I like the Taycan but I love what it represents: a form of mobility built on new technologies, an environmental approach, and most of all, a customer-oriented mindset that makes it desirable. It’s a reminder that going green doesn’t have to mean throwing UX out of the window. And if you ask me, it’s a sign that Porsche is onto something many other companies have slept on.
The future of mobility is in collaboration.
As someone who works closely with the mobility sector, I hear a lot of predictions about what should (or shouldn’t) happen next in the industry. “Cities should be car-free by 2025!” “We should ban SUVs in the EU based on statistics from the USA!” “No more motorbikes!” Ten years ago, people were even predicting the end of car ownership. Turns out that they were wrong.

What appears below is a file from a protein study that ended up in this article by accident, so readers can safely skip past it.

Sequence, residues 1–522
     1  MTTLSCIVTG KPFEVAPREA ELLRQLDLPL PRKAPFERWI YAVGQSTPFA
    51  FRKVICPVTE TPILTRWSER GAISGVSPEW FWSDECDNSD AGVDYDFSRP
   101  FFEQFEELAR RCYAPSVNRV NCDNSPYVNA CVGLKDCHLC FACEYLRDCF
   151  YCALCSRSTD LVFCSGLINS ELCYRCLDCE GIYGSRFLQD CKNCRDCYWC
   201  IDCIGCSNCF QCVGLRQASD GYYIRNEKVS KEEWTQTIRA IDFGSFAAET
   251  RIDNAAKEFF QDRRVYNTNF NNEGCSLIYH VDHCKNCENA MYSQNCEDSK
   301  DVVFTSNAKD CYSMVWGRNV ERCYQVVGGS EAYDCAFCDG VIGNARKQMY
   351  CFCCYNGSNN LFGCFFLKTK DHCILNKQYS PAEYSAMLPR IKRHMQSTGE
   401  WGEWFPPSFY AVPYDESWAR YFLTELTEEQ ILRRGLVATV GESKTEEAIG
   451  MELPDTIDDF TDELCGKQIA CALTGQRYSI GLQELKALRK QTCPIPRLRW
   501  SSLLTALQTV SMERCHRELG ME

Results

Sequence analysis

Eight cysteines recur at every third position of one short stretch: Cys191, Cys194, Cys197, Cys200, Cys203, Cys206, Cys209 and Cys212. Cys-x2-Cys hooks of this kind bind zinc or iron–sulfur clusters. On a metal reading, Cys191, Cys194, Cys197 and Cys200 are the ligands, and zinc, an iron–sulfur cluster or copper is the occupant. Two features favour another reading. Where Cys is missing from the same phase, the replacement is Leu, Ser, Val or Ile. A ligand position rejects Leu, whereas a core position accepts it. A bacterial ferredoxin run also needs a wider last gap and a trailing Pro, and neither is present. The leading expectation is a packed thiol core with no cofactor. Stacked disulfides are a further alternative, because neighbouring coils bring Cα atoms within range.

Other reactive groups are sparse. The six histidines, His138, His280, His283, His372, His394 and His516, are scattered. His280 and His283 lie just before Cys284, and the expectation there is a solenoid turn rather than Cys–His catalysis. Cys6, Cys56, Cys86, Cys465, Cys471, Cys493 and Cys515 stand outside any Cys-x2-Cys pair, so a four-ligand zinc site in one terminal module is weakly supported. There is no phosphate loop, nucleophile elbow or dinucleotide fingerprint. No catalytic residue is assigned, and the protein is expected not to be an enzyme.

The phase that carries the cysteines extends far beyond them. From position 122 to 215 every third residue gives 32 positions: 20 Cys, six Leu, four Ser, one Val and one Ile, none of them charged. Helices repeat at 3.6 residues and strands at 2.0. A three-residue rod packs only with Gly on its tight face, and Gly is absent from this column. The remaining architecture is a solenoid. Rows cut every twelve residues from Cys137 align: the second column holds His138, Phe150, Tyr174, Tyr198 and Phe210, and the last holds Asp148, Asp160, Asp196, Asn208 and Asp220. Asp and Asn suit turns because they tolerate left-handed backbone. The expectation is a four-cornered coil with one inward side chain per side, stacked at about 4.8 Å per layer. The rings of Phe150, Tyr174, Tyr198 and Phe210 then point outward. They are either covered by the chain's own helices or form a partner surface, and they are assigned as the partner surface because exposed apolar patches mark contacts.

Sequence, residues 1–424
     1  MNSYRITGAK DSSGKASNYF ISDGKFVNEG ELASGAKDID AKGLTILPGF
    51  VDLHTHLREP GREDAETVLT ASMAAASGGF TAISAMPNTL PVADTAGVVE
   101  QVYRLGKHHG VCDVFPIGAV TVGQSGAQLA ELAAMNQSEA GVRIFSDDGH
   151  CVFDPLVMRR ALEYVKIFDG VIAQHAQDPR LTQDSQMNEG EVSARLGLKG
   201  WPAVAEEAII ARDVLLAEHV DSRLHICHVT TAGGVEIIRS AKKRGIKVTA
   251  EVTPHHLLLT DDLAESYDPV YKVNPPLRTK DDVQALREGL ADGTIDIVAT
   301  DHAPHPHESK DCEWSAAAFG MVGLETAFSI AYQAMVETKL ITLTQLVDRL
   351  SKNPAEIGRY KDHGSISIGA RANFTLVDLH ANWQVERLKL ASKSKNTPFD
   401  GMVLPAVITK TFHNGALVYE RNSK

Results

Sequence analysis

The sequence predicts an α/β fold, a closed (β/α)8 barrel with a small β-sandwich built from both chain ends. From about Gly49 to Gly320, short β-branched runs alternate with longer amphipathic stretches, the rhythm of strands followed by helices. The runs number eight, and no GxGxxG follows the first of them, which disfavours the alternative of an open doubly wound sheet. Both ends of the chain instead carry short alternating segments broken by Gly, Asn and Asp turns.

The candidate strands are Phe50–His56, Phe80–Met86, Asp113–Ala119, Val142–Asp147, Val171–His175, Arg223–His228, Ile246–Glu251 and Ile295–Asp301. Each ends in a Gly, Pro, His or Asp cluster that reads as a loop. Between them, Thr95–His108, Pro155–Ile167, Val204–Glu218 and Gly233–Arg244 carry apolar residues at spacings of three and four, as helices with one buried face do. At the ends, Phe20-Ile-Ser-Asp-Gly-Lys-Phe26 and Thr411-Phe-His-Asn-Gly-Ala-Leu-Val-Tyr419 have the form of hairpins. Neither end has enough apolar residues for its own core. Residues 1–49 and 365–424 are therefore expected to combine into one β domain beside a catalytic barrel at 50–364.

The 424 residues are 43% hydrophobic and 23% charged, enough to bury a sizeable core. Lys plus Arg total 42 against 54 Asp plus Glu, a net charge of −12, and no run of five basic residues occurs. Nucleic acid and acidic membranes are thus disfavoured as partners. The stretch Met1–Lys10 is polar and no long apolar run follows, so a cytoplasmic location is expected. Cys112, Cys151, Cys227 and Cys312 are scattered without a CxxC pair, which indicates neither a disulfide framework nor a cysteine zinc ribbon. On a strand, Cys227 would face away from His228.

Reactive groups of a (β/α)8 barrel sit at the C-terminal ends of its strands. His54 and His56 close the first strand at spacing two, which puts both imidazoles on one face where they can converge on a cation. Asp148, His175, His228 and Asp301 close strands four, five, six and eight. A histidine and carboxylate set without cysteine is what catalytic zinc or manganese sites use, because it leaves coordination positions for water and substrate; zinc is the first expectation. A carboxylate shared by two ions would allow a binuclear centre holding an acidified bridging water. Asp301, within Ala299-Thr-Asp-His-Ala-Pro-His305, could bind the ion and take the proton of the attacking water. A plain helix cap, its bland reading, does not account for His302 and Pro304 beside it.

Instead of making big statements about what to avoid, product developers should be thinking about what to work towards—like making mobility greener, more efficient, and more accessible for everyone. That’s exactly what mobility as a service (MaaS) promises to do. And it’s why apps like Whim, Jelbi, and SkedGo are gaining traction so rapidly.
MaaS is a hot topic for anyone working in smart cities, the automotive industry, or transportation. The idea behind MaaS is to bring together the fragmented transportation market in one easy-to-use solution, cutting traffic, reducing emissions, and offering a better overall experience for users along the way.